We left Bryce Canyon on Sunday and drove about a hundred miles north to the small town of Richfield, UT where we stayed in a KOA in the center of town. On Tuesday Steve and MonaLiza (Lowes RV Adventures) arrived and set up in the site next to us.
On Wednesday the four of us drove about 20 miles south to visit the Fremont Indian State Park and Museum. The park sits directly across from I-70 as it travels through Clear Creek Canyon. It was built to showcase artifacts from the remains of a large settlement of the Fremont Indians who lived from about 400 to 1300 in north and central Utah and adjacent parts of Colorado, Idaho and Nevada. The site was discovered during construction of the interstate and thousands of artifacts have been excavated from the ancient village and put on permanent display at the museum. The park has a number of hiking trails that go pasts many panels of Indian artwork. Most begin in the parking area for the visitor center. We combined a number of short trails for a total hike of about 5.7 miles.
We began our hike on the Alma Christensen Trail, which begins about .3 of a mile from the visitor center. This is one of the longer trails in the park. It goes up a bit at the start then winds through a flat tableland before joining a group of short trails leading back to the visitor center.
The rocky cliff running behind the visitor center is full of rock art. As we came back down off the tableland, we encountered the first of the many panels of artwork. Unfortunately, we forgot the camera and had to use our phone. The phone does a nice job, but we really needed a zoom since the artwork was at a distance.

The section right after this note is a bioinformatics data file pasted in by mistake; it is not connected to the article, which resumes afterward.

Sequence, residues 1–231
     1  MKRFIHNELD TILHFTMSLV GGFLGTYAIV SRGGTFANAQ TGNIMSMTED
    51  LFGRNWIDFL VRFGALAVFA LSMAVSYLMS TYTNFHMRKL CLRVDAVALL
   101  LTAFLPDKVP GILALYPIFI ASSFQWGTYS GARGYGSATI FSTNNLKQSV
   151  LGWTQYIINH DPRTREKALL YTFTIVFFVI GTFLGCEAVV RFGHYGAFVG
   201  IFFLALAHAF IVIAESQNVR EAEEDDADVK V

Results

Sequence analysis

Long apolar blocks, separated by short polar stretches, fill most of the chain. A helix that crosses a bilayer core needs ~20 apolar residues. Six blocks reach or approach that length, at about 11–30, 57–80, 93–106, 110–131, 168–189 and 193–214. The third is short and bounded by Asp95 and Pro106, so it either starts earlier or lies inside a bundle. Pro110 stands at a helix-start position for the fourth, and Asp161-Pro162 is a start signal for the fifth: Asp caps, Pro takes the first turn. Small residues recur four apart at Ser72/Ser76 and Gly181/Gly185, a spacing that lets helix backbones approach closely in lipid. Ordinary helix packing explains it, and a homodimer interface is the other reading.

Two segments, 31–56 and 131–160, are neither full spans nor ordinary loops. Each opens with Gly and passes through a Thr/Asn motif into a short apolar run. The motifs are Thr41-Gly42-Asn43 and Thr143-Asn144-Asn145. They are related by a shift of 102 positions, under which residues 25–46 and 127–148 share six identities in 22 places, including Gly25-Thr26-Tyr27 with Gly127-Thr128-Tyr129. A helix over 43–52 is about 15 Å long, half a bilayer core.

After crossing in front of that panel of art, we continued hiking down toward the visitor center.
Next to the parking lot are two examples of Fremont Indian life. The first is a reconstruction of a pithouse, a typical residence for a Fremont family. The pithouse is half underground and resembles a religious structure used by other similar early inhabitants called a kiva. The Fremont did not use a kiva.
The second example of Fremont life is a large, hollow rock sitting next to the pithouse that was used by the Fremont as a granary (grain storage).
After enjoying lunch in a picnic area next to the granary, we headed down the Trail to the Hundred Hands. This trail crossed the entrance road to the park, goes over Clear Creek, and under the interstate.
Just a half mile from the highway we came to the shallow cave known as the Hundred Hands. The mouth of the cave is covered with a heavy metal grate to keep fools from vandalizing the site.
We don’t know where the name of this site comes from as the literature states that there are 36 handprints on the rock.
Returning back to the entrance road, we walked about a quarter mile to a point where we could observe a series of panels filled with artwork called the Arch of Art.
Returning to the visitor center we walked a short, paved trail called the Parade of Rock Art containing numerous panels of drawings.
Returning to the KOA in Richfield we joined Steve and MonaLiza for a happy hour at their site. The next morning we were up early and ready to head north. The weather services were predicting a chance of rain that increased as the day progressed, so we wanted to get to our next “home” while the roads were dry. Steve and MonaLiza are remaining in Richfield for the next few days and we don’t know when we will see them again so we said our good-byes before heading out.
The 120 mile journey to our next location was very pleasant and sunny all the way (it never did rain). We are now parked in Utah Lake State Park in Provo through the long holiday weekend. Then it’s good-bye to Utah and hello to Wyoming.
More on that later . . .